Someday, hybrid Atlantans could walk among us.
State Rep. Beth Beskin, R-Atlanta, has raised a sharp protest against plans to annex Emory University and other properties into the city — but not into Atlanta’s public school system.
Allowing that to happen would create “hybrid Atlantans,” Beskin said, and subject the city to “dissension and division.”
The lawmaker made her points in an Aug. 4 letter to Mayor Kasim Reed and members of the Atlanta City Council. An excerpt:
“(I)t would be unprecedented for there to be ‘hybrid” Atlantans,’ i.e., an Atlanta citizen who pays Atlanta city taxes yet not Atlanta Public School taxes. One essential aspect of Atlanta is that every Atlantan is zoned for, and pays taxes to support, Atlanta Public Schools. It would create dissension and division among Atlanta citizens for certain areas of Atlanta to be exempted from the rights, benefits and obligations of inclusion in the Atlanta Public School system. …”
- Not feeling too peachy: The personal finance website WalletHub — comparing health care costs, accessibility and outcomes — recently released its “2017 Best and Worst States for Health Care.” Georgia tended more toward the latter than the former.
WalletHub used 35 measures — including cost of medical visits, average monthly insurance premiums, physicians per capita, quality of public hospital systems, infant mortality and life expectancy — in determining its rankings of the 50 states and the District of Columbia.
Georgia finished sixth from the bottom. For cost, it ranked 38th. That was the good news. For outcomes, Georgia placed 43rd, and it ranked 49th for access.
Areas that particularly hurt Georgia’s ranking included the percentage of insured adults ages 18-64 (tying New Mexico for 47th) and infant mortality rate (Georgia finished with the fifth-highest rate).
The South, in general, fared poorly in the rankings, with Louisiana finishing dead last.
- Seeking answers on health care? A lot of questions followed Blue Cross Blue Shield’s announcement this week that it would be pulling back in 2018, providing coverage in the individual market for only 85 Georgia counties.
One of the biggest: Why?
Blue Cross’ answer, in an FAQ produced by Atlanta Journal-Constitution staff writer Ariel Hart, is the uncertainty sparked by the White House and House Republicans with regard to a type of insurance subsidy called Cost-Sharing Reductions. They are payments the federal government makes to insurers to offset the cost of coverage for lower-income Obamacare exchange customers. President Donald Trump has threatened to cut those payments, calling them “BAILOUTS,” and House Republicans have filed a lawsuit over how they’re paid.
Meanwhile, according to The Associated Press, the Kaiser Family Foundation has found that “mixed signals” from the president “have created uncertainty ‘far outside the norm,’ leading insurers to seek higher premium increases for 2018 than would otherwise have been the case.”
- The bright side? An increase in the American rate of death comes with a silver lining, according to Bloomberg. Major corporations have been able to reduce the amount of money they’re obliged to pump into pension funds. Lockheed Martin, for instance, has lowered its payments by $1.6 billion for 2015 and 2016.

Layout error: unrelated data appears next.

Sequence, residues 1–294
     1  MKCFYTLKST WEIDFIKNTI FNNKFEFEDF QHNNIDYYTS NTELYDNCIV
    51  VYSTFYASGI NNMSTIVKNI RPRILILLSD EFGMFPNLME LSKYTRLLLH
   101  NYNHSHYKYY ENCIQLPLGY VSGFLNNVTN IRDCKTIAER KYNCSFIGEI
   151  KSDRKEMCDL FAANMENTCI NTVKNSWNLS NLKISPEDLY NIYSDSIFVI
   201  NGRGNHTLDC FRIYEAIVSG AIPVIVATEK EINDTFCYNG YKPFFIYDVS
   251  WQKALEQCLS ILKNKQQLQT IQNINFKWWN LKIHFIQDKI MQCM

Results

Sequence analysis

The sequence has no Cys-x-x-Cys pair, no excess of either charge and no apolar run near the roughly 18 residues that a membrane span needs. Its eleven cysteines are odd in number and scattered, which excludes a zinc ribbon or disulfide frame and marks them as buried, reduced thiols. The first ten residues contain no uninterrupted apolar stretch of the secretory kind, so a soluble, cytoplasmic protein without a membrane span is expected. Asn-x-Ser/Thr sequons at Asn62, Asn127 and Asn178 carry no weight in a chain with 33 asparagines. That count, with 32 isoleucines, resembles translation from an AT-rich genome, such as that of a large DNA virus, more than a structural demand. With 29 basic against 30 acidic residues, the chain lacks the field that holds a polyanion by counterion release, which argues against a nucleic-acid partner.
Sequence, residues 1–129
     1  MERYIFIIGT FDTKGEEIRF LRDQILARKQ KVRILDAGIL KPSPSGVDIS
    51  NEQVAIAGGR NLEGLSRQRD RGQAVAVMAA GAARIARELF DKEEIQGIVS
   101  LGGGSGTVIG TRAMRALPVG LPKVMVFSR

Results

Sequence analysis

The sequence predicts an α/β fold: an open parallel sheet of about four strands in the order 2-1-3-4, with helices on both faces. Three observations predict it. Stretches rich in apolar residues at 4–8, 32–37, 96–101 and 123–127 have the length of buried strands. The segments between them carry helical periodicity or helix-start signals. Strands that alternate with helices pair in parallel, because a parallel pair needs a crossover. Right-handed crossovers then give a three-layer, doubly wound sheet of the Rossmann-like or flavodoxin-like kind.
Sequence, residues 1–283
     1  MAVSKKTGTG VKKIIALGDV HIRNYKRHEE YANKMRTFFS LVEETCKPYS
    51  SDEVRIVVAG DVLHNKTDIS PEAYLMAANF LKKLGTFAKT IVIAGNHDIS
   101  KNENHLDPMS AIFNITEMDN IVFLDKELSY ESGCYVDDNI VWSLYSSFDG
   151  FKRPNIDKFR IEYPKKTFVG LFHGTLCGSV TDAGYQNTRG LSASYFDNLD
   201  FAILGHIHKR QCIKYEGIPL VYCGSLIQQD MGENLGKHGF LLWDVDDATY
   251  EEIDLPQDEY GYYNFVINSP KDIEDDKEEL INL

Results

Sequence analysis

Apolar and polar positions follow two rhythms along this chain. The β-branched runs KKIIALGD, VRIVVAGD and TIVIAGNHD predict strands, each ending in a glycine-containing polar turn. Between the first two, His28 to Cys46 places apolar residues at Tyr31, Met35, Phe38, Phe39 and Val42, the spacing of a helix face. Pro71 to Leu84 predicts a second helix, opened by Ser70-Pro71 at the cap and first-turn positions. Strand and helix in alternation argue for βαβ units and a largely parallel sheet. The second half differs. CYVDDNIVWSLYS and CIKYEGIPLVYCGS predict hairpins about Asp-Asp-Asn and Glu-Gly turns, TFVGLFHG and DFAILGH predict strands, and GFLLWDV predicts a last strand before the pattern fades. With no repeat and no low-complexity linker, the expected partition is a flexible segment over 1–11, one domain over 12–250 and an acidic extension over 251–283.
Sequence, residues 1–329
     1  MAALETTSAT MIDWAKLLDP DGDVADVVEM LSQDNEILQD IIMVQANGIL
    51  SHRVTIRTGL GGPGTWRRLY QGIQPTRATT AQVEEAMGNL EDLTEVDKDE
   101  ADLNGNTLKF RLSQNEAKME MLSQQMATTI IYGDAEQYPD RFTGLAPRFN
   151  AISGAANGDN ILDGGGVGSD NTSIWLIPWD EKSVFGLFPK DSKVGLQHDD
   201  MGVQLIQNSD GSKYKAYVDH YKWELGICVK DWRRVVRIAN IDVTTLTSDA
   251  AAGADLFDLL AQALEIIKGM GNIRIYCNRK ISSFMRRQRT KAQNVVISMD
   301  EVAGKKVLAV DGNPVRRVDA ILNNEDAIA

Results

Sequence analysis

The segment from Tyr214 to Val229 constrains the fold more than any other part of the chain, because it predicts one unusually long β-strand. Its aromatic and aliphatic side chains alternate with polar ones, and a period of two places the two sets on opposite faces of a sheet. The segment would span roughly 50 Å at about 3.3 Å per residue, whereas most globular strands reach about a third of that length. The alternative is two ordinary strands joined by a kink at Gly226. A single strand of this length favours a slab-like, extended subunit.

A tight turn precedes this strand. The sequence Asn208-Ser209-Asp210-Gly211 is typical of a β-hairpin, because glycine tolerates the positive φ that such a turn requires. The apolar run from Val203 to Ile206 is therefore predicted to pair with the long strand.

- Immigration bill faces obstacles: Florida U.S. Sen. Marco Rubio is predicting that Georgia U.S. Sen. David Perdue’s new plan to overhaul the legal immigration system will not win enough support to advance through the Senate. “I think the White House knows that you don’t have 60 votes for that in the Senate,” Rubio said during a television interview. But Rubio did back the broader concept of prioritizing skilled immigrants for entry into the U.S., as Perdue’s bill does.
Time magazine also took note of Perdue’s bill and built a nifty widget to determine whether you could qualify for a green card under it. Just for fun, add that you have an Olympic medal or a Nobel prize — you know you want to — and see what happens.
- $tacey $pending: GeorgiaPol.com examined the rate that gubernatorial candidates in Georgia are spending the cash they're taking in and found a big divide between the two Democratic hopefuls: state Reps. Stacey Abrams of Atlanta and Stacey Evans of Smyrna.
- Handel’s helping hand: About one month after taking office, U.S. Rep. Karen Handel, R-Roswell, has formed a leadership PAC to raise cash for political allies.
The group is called Helping America’s Next Dedicated Elected Leaders, or HANDEL PAC.
Leadership PACs are commonplace on Capitol Hill. While the lawmakers themselves can’t use the money for their re-election campaigns, they can dole it out to like-minded politicians to help forge alliances.
- Candidates, endorsements, etc.:
— Jim Beck, a longtime insurance agency staffer and leader of the Georgia Christian Coalition, and a onetime insurance industry lobbyist, has announced his candidacy as a Republican for state insurance commissioner. Also running are Republicans Jay Florence and Shane Mobley and Democrats Tomeka Kimbrough and Cindy Zeldin.
— A second Democrat has entered the race for a seat on the state Public Service Commission. Lindy Miller, an associate director of global public policy at Deloitte and co-founder of a Georgia-based renewable energy company, will face former state lawmaker John Noel in next year’s primary.
Bush, the Texas land commissioner and son of former Florida Gov. Jeb Bush, is a de facto leader of the still-potent family network that has extensive ties in Georgia, and he was the only member of his family to endorse President Donald Trump.
— State Sen. Michael Williams has cast himself as the GOP candidate for governor most aligned with President Donald Trump. Roger Stone, a confidante of Trump’s, provided some validation for that claim, scheduling an appearance with Williams.
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